Forum for Science, Industry and Business

Sponsored by:     3M 
Search our Site:

 

Fast-learning computer translates from four languages

21.02.2008
Modern approaches to machine translation between languages require the use of a large ‘corpus’ of literature in each language. Now a European project has demonstrated a cheaper solution which compares favourably with the market leaders in translating from Dutch, German, Greek or Spanish into English.

The European Union now has 23 official languages. That means documents written in one language may need to be translated into any of 22 others, a total of 253 possible language pairs. Small wonder that the institutions of the European Union, and organisations dealing with international commerce, among others, have a keen interest in automating the process where they can.

Efforts to use computers to translate languages, known as machine translation, date from the 1950s, yet computers still cannot compete with human translators for the quality of the results. Machine translation works best for formal texts in specialised areas where vocabulary is unambiguous and sentence patterns are limited. Aircraft manufacturers, for example, have devised their own systems for quickly translating technical manuals into many languages.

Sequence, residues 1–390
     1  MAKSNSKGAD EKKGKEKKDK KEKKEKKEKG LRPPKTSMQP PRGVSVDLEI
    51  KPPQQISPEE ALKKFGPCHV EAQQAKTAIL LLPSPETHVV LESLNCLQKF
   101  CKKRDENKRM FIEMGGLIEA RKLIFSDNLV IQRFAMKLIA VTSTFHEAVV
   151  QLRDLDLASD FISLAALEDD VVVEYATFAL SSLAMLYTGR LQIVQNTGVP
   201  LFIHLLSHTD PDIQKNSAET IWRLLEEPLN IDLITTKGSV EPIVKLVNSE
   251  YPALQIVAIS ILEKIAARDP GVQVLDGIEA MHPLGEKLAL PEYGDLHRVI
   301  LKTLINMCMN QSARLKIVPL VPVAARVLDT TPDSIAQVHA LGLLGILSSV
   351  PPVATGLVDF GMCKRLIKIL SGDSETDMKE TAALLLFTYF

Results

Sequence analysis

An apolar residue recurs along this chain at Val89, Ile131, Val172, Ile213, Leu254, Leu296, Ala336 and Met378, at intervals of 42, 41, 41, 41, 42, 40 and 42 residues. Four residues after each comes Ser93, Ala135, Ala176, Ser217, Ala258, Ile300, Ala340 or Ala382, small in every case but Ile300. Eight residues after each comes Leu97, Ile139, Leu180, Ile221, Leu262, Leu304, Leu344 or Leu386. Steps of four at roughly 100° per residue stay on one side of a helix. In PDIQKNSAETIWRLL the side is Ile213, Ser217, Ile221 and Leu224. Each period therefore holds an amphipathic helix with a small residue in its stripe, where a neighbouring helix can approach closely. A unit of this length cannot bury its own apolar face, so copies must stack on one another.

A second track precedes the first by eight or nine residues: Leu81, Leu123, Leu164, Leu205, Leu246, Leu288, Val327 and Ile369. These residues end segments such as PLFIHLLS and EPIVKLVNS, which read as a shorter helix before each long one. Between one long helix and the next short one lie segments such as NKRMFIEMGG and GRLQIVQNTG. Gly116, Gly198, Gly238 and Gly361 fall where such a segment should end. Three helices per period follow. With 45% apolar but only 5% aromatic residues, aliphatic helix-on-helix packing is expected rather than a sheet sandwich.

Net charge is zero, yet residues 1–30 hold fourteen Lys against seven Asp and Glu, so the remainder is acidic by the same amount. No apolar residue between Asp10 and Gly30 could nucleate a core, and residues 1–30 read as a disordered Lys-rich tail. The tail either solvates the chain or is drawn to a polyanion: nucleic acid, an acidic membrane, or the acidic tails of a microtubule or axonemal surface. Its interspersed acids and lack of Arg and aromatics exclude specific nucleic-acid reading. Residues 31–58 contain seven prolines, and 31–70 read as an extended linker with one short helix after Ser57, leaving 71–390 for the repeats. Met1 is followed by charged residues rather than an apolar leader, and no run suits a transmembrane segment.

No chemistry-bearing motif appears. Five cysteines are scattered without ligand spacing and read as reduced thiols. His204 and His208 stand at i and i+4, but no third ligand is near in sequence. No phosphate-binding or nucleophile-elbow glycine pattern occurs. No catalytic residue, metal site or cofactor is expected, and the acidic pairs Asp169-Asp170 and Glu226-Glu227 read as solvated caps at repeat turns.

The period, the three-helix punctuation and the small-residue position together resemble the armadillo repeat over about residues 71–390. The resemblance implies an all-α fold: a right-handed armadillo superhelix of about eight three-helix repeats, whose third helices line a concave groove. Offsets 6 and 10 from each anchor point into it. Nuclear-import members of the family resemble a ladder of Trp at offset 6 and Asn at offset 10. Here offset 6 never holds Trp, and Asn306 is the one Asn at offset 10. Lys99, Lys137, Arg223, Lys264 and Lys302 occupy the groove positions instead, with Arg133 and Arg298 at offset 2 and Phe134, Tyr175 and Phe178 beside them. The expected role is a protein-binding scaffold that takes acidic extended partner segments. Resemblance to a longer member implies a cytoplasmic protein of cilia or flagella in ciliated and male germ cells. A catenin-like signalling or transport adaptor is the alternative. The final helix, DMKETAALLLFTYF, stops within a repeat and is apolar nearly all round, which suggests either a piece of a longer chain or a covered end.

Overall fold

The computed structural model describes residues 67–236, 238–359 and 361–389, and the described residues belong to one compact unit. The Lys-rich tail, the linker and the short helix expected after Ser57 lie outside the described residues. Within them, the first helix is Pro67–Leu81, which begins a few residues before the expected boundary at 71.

The EU has been active in promoting research in this field since the large Eurotra project of the 1980s. In common with other projects of the time, Eurotra used a ‘rules-based’ approach where the computer is taught the rules of syntax and applies them to translate a text from one language to another. This is also the basis of most commercial translation software.

But since the early 1990s the new concept of ‘statistical’ translation has gained ground in the machine translation community, arising out of research into speech recognition. This dispenses with rules in favour of using statistical methods based on a text ‘corpus’.

A corpus is a large body of written material, amounting to tens of millions of words, intended to be representative of a language. Parallel corpora contain the same material in two or more languages and the computer compares the corpora to learn how words and expressions in one language correspond to those in another. An important example is a parallel corpus of 11 languages based on the proceedings of the European Parliament.

Pattern matching